View Lingoport’s latest webinar to learn about culturizing your brand.

For more information on this topic, please view Best Practices: Successfully Marketing Your Brand to a Global Audience

Facebook Set to Introduce Translation Feature on Comments

With the introduction and prominence of Google’s web translator, companies like Facebook have a more prominent need to provide users with translation features within their display. Often times users, myself included, will leave their Facebook tab to translate something their friends commented on or made a status about. Since introducing Facebook in multiple languages, users have soared to 750 million people. Obviously in such a connected world, these users need the ability to communicate quickly with each other, and Facebook is prepared to provide that plugin.

Languages available for translation will be few at first, and include English, Spanish, French, Hebrew and Chinese. At times, translations will be unavailable due to unrecognizable comments, which happens sometimes with the slang used by many users (everybody has their own language, even groups of friends). This feature could help to further help the world communicate through social media.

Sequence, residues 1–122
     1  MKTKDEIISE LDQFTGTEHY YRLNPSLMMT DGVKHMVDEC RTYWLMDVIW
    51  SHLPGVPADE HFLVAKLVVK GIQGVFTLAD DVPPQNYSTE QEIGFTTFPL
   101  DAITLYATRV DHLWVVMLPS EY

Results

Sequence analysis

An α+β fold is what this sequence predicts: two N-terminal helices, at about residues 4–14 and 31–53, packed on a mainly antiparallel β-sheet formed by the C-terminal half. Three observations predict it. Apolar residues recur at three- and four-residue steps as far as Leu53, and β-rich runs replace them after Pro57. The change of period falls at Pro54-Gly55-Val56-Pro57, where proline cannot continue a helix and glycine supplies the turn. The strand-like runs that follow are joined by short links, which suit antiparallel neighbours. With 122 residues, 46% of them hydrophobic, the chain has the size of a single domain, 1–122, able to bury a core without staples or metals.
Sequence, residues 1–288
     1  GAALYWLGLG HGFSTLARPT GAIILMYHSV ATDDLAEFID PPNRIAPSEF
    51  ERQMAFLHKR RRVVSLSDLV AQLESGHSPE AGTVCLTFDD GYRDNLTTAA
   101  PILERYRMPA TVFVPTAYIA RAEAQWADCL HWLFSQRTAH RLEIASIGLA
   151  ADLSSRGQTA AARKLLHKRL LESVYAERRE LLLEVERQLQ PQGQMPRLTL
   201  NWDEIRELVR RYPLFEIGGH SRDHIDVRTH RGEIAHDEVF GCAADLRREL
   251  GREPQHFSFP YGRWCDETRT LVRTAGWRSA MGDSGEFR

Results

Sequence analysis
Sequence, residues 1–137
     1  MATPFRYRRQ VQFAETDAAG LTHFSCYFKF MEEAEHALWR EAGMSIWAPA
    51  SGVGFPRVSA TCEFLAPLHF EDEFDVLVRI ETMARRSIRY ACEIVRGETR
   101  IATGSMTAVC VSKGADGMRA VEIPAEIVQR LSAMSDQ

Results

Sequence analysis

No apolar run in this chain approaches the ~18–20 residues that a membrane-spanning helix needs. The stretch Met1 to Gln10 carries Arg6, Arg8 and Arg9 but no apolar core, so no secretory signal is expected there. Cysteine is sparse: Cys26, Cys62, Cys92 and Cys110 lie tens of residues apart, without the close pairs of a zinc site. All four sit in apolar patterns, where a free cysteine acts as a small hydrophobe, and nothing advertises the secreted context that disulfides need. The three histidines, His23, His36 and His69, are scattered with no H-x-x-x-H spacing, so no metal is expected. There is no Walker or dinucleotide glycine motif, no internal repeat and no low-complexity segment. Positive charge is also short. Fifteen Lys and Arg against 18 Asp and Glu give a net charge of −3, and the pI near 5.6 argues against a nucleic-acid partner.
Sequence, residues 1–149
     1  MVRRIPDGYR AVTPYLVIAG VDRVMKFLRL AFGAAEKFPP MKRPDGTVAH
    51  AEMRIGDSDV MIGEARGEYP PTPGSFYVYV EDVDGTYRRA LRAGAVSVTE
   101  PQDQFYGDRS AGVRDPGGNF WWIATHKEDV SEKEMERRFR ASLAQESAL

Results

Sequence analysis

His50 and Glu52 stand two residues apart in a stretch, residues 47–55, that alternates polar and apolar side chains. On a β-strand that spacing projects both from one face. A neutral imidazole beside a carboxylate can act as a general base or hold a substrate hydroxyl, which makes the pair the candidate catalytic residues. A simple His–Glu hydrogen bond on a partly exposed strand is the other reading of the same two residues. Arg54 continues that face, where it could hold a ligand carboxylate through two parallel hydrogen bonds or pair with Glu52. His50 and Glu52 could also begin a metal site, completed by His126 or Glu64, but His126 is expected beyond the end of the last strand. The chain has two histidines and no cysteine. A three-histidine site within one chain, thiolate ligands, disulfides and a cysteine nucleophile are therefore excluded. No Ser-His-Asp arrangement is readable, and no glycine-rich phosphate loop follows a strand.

One thought I had about rapid translation (especially among friends) is that it may hinder the need for multiple languages to be learned by one person. Sometimes I enjoy staring at a friend’s Spanish status or comment and figuring out what they’re saying myself; people learn better that way. Granted, it’s not like the feature is an automatic translator: it’s a clickable button (meaning the user has a choice whether to click it or not). But hey, maybe we’ll all end up with a babel fish in our ear and understand every language…

For more, read Inside Facebook

Google Releases Paid Web Translation for Businesses

Google announced last week that they are introducing a paid version of their Google Translate API for businesses and commercial software developers. Jeff Chin, Product Manager at Google said in the release that, “The Google Translate API provides a programmatic interface to access Google’s latest machine translation technology” allowing translation support between 50+ languages.

Translation costs will run at $20/million characters, or about $0.05/page assuming 500 words/page.

Free use of the Google Translate Research API will remain for academic users.

For a full diagnosis of the issue, check out the official Google Code Blog

How Language Transformed Humanity

A talk from Mark Pagel on Ted.com 

Language is a mystery we do not fully understand. Why did it emerge? In this 20-minute video, Biologist Mark Pagel shares his thoughts on why humans evolved their complex language system and how that sets us apart from every other animal.